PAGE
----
Where the environment meets economics: An interview with Jetske Bouma
Jetske Bouma is a Dutch environmental economist working for PBL, the Environmental Assessment Agency the Netherlands (Planbureau voor de Leefomgeving). With over twenty years of experience in research and policy evaluation in this field, Jetske has worked internationally on important environmental economic projects from Costa Rica to India.
As a teenager wanting to make a difference in a disparate world, Jetske felt the key to a sustainable future is in understanding the structures that underlie the unequal and unsustainable society we live in. Read on to discover the interface where the environment meets economics: what is environmental economics, and how can it contribute to a regenerative future?
Jetske explains her drive to contribute to creating a more sustainable world:
“When I was a teenager, in the 90s, a lot was going on to do with sustainable development, and I felt strongly that we have so much wealth and opportunities here in the Netherlands. Yet, there are so many parts of the world where people don’t have these advantages.”
“That felt so wrong to me, and I wanted to do something about it.”
“I felt that economics was one of the reasons we live in such an unfair and unsustainable world. Economics was alien to me, but I decided I better understand how it works in order to make a difference.”
“So, economics was never my passion, rather my route to uncovering how I could contribute to a more sustainable world and what my role could be.”
Jetske describes her journey from development economics to environmental economics:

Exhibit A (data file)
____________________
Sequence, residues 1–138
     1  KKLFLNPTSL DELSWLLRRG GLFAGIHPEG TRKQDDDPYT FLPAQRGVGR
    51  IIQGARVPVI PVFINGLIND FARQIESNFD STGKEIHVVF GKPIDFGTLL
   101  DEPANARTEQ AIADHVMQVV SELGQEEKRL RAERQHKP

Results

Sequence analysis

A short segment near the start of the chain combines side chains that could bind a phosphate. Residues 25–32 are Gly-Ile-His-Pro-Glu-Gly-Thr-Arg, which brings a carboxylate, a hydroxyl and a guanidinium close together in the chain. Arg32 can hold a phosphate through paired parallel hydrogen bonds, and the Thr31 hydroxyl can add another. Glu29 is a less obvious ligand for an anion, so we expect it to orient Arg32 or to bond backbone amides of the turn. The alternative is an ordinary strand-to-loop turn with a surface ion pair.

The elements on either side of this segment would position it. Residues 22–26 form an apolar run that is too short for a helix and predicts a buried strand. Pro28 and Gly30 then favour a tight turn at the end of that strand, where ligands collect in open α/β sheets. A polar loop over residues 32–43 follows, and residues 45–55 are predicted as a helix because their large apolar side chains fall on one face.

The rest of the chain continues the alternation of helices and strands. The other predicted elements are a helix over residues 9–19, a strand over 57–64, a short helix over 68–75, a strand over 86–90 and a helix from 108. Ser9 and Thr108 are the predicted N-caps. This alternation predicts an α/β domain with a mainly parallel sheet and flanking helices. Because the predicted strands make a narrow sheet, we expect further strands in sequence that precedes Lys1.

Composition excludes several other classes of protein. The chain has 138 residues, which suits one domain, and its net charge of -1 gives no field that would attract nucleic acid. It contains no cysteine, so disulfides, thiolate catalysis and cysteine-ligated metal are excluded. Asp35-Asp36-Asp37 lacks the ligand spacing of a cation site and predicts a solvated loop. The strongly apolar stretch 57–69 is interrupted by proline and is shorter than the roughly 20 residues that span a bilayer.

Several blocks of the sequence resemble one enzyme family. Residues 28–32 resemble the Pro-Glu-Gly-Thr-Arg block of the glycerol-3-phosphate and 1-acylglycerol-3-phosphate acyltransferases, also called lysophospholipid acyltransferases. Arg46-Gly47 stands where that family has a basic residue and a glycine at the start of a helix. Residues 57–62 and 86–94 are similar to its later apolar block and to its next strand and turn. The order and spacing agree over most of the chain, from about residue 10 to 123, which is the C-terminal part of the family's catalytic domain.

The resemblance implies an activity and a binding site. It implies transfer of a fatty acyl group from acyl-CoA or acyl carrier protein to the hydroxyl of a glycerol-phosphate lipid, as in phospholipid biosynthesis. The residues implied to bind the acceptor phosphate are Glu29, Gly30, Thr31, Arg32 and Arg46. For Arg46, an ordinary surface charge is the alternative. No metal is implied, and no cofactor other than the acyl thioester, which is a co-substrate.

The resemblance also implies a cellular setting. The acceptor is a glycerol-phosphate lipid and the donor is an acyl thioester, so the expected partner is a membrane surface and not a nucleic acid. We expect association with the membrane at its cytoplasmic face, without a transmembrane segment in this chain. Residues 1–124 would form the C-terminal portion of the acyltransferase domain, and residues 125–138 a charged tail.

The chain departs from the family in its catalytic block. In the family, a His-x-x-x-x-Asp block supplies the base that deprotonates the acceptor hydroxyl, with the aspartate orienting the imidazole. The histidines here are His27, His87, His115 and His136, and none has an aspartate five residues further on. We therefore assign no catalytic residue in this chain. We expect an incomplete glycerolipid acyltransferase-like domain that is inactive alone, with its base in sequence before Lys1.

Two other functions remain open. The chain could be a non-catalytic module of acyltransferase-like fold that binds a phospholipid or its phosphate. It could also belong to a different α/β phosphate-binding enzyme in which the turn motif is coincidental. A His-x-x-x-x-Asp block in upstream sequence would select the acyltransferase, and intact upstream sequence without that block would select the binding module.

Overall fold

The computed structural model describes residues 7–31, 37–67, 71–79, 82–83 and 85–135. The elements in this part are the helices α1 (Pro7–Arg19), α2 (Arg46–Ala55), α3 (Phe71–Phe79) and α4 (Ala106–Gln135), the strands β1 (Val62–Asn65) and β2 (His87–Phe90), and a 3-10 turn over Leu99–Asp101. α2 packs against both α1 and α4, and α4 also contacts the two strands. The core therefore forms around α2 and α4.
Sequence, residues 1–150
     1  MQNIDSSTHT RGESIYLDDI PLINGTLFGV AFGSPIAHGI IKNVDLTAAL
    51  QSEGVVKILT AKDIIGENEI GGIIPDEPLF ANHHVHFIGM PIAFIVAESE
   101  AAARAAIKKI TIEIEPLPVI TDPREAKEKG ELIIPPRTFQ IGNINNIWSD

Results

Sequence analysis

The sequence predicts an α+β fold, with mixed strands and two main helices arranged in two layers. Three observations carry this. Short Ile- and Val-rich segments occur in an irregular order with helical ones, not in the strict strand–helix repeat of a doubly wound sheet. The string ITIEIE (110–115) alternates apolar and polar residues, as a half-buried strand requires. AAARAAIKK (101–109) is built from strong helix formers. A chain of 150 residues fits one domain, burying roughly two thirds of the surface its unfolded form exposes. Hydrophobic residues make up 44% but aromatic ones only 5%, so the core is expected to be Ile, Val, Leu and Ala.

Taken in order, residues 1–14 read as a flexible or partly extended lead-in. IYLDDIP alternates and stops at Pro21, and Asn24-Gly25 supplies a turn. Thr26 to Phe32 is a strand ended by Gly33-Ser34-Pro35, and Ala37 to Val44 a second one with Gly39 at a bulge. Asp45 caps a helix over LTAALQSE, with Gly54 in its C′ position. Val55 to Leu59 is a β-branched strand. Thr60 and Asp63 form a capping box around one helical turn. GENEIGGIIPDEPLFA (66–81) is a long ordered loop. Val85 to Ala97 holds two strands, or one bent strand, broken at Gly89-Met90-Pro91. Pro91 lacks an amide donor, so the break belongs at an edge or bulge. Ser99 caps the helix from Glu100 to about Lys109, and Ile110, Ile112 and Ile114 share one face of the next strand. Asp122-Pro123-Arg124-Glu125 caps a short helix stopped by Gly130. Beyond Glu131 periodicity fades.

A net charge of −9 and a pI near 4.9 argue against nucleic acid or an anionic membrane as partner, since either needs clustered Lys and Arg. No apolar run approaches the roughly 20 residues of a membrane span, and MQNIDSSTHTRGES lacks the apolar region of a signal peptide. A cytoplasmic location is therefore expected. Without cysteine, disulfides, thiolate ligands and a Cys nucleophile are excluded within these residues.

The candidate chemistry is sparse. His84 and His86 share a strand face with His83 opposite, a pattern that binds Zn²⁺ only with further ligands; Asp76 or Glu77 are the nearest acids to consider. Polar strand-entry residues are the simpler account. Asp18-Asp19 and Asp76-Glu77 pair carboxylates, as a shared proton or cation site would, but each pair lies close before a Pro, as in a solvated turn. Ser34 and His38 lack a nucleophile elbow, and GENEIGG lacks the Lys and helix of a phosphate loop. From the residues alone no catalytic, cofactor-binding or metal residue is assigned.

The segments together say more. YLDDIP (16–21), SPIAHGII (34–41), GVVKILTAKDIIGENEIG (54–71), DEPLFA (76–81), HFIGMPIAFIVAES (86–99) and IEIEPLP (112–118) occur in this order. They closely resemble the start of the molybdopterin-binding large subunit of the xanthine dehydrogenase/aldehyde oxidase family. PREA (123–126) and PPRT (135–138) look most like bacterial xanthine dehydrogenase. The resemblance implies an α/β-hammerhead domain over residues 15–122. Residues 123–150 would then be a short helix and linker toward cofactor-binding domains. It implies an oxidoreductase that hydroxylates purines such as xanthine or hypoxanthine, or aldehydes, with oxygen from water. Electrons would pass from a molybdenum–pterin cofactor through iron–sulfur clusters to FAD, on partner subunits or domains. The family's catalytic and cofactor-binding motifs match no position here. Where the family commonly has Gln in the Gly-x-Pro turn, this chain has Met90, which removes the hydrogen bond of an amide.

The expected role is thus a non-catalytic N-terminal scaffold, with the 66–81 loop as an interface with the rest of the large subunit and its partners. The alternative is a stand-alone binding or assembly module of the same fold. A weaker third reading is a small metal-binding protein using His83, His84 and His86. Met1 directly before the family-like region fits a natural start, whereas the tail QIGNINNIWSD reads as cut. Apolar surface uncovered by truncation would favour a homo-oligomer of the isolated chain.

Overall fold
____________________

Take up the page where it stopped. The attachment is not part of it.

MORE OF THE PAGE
“Initially I studied development economics which was more geared towards human development. It was the time of the International Monetary Fund and the World Bank thinking with a top-down focus, in terms of: if we change inflation, everything will be okay.”
Jetske completed an internship at the Dutch Directorate of Development Cooperation and spent half a year in Costa Rica writing her thesis in a development cooperation project on sustainable land use. During this time, she realised she did not want to work in development cooperation. As her passion lay with sustainable development she decided to try applying for jobs as environmental economist.
“And things just happened! I worked as a water economist for the Dutch government for a few years and then ended up in India, with the International Water Management Institute but that’s another story.”
Environmental economics in a nutshell:
Economics is really about the optimal allocation of scarce resources. Jetske explains,
“It’s about efficiency, and for many people, that has a very negative tone to it. But it can also have a positive one, because it means you have to think carefully about how you use the scarce resources we have as a society.”
Environmental economics applies that thinking to scarce natural resources. A lot of what environmental economists do is say: ‘Hey, wait a minute – we haven’t included the natural environment in our system of dealing with scarcity; our economic system. We really should include it, because, for example, now we are polluting. And why are we polluting? Because it costs less to pollute, it’s cheaper to pollute than take your garbage elsewhere and actually recycle it. And why are we overexploiting? Because we can do it for free and it doesn’t cost us anything.’
Jetske talks us through the valuation of our natural environment and decision-making
“Some years ago, when I worked at the Institute for Environmental Studies of the Vrije Universiteit, Amsterdam, we developed a course called ‘Governance of Ecosystem Services’. There, I wrote part of a book called ‘Ecosystem Services: From Concept to Practice’, which discusses the discourse of ecosystem services and why we started talking about the natural environment in this way.”